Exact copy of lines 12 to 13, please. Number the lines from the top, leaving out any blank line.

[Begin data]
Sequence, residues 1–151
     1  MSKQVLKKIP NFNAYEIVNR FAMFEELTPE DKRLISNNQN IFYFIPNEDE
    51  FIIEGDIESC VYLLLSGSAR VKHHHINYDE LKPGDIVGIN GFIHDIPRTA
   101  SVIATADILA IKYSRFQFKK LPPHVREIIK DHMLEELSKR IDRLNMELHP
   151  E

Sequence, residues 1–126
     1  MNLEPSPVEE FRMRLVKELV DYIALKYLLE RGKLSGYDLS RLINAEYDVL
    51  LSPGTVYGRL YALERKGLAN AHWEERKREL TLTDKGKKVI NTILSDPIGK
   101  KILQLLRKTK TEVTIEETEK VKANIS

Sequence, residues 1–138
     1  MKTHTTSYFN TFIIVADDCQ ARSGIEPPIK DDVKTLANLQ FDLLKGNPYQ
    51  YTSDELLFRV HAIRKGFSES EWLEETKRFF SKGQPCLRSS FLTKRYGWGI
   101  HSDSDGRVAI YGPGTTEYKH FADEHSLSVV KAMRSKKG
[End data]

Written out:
    51  YTSDELLFRV HAIRKGFSES EWLEETKRFF SKGQPCLRSS FLTKRYGWGI
   101  HSDSDGRVAI YGPGTTEYKH FADEHSLSVV KAMRSKKG